Eleventh grade was a difficult one for many reasons. Not having been raised with any religious training, other than having been baptized as a Catholic, I used to spend my Saturday afternoons in St. Cecilia's Catholic Church, which was across the street from my high school. I would just sit there and wonder. What did it all mean? I was too shy to ask anyone, and no one really ever came into the building while I was there, anyway.

And then, there was a boy (wasn't there always a boy?) in my 11th grade English class whom I liked a lot. I wanted to get to know him more. This boy was a Mormon. There were many Mormons in my school, living in Calgary, Alberta, as I did. How could I get to know this boy? A girl across the street from me was Mormon. On previous occasions, she had invited me to the dances that were held every Saturday night (an evangelistic tool) for young people. I would kill two birds with one stone: I would ask to investigate the Mormon Church.

And I did. And I was immersed in it for a number of months. And I was a good Mormon. The anticipated romance of the century with the red headed boy in my English class never came to fruition. Ultimately, I decided against the Mormon church in an eleventh hour change of heart. And while I knew it wasn't for me, I knew one thing: whatever church I looked into, it needed to use the Bible. While the missionaries who taught me eventually guided me to the Book of Mormon, they started with the Bible; James 1:5 to be exact (and it was taken out of its proper context).

After I changed my mind about Mormonism, I finally got the courage up to visit that Catholic church again and ask to speak to a priest. I remember that morning well; the Calgary Stampede parade was on a little television in the office of the Church as I waited. The priest listened to my story, but when I asked him if he could tell me where in the Bible it said I must do things like go to confession, and how the bread and wine became flesh and blood, he had one answer: "Come to mass." 

Well, thanks for that.

That was the end of that. I was seventeen years old that day, and when I was twenty, after meeting the man who would become my husband, I read in the Bible what my greatest need was: salvation because of my sin. That was the beginning of the rest of my life. And it all started with a boy.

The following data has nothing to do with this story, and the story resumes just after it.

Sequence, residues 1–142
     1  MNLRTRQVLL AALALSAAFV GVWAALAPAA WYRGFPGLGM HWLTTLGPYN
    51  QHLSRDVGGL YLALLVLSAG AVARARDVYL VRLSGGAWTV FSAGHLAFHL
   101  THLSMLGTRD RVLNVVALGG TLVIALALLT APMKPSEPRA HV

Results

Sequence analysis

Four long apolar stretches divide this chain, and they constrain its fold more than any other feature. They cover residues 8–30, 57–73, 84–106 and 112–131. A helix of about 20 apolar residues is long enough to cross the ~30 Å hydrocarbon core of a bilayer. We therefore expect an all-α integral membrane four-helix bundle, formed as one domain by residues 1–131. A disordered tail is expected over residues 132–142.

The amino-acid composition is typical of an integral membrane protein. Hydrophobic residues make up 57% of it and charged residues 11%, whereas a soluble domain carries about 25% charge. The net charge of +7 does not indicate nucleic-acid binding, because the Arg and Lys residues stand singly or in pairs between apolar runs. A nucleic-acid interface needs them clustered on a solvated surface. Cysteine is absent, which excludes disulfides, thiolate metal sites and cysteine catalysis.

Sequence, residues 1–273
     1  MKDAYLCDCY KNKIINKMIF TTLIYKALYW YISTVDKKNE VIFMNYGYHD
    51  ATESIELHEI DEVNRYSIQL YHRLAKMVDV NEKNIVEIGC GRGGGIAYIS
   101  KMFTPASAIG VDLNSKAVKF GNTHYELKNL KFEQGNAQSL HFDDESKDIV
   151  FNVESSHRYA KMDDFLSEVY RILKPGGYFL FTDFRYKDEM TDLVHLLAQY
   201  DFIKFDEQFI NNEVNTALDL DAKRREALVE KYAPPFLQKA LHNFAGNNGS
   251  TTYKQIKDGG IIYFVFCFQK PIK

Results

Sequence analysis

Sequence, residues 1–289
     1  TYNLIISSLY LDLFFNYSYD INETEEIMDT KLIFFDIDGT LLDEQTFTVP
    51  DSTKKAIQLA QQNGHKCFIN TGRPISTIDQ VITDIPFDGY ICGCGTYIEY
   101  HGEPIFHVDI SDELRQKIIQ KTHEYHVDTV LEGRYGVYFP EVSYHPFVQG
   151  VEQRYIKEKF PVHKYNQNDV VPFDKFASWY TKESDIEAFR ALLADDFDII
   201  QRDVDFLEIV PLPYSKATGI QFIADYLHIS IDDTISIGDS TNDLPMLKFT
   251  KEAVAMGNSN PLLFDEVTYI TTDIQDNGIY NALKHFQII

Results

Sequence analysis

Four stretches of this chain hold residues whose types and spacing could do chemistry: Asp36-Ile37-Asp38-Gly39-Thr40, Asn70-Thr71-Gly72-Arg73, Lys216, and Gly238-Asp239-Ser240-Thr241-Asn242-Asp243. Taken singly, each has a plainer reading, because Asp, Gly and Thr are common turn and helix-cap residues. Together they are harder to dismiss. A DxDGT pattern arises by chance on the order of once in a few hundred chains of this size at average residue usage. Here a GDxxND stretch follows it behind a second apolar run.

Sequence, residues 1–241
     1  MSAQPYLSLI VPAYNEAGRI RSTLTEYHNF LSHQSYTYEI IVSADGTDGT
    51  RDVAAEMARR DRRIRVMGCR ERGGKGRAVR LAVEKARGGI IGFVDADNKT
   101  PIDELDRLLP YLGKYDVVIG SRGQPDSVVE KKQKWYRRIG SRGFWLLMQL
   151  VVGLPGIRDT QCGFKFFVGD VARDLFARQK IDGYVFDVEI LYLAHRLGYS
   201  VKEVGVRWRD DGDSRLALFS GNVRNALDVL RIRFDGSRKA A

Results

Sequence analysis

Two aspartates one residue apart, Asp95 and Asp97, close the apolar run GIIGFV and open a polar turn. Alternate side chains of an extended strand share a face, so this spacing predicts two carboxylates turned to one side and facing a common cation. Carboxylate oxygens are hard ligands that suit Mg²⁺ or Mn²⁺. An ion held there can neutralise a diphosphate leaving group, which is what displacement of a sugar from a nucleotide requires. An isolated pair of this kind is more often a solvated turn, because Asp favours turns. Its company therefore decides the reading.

God knew my future in that school in Calgary. He knew where he would take me. Perhaps being boy crazy interfered too much. Well, it did. In high school, I never got the grades I did while in university or seminary. I was looking for meaning in a relationship with a boy, but God knew there was something better for me. And he patiently allowed me to fumble and bumble about until the moment when he knew I would see in his word how I could know him.

God has a reason for everything. It may not be something we understand, and trusting in that takes faith. But it's faith he will give us.


Because we know there is something better

Over the years, I have often found it frustrating that I have allowed the relationships in my life to discourage me. Especially troublesome is the reality that the worst friendship experiences I have had have been with Christian women. When I read articles about the wonderful fellowship I'm supposed to be having with my female friends, my cynicism takes over. That has not been my experience. At times, I have felt that we have turned female friendships into an idol. 

Of course, family friendships have also been discouraging to me. I think most of us would be willing to admit that marriage and parenting comes with a lot of heartbreak at times, regardless of how good those relatioinships are in general. I'm sure I've done my share of heartbreaking as a wife and mother. But why have I always let these things overwhelm me? I am not naturally stoic, and as much as I try to be, I cannot manage it. When I fully understand that everyone is sinful and we must not put high expectations on anyone to be perfect, why is this so difficult?

I wonder if it isn't because we know that something better is waiting. We know that when we are united fully with Christ in the new heavens and earth, we will no longer experience heartache, betrayal, or sin. How does our being made in the image of God, carrying his imprint upon us, our being one with Christ unconsciously affect our expectations?

I remember being a child and wishing things were different. I had a fairly happy childhood, but when things didn't go well, I would always resort to wishing that my family life was different, that my dad would be home more, that there wouldn't be so much strife, that my friends were different. It always boiled down to the people, not necessarily my circumstances. God has made us for relationships, whether we are the type who manage several or those who are content with a few. But however many people we allow into our lives, we want our relationships with them to be good. And I wonder if part of my frustration has been because I know what awaits me, and I am frustrated in my waiting.

God is not encumbered by sin. There is no fear of rejection from him. We need not feel uncertain with him. His word tells us that he loved us while we were yet sinners (Rom 5:6). He loves us though we are often unlovely. He sent his son to die for us, and his Holy Spirit to be with us to prepare us for our eventual reunion with him. We were not destined for this earth; we were destined to be with him.

It brings to mind the opening paragraphs of Augustine's Confessions: "you have made us for yourself, and our heart is restless until it rests in you."

There is never going to be a human relationship which will exactly mirror what I will ultimately have when I am in heaven. When I am tempted to feel discouragement over relationships, instead of mourning, I ought to think of it as a reminder of what is to come.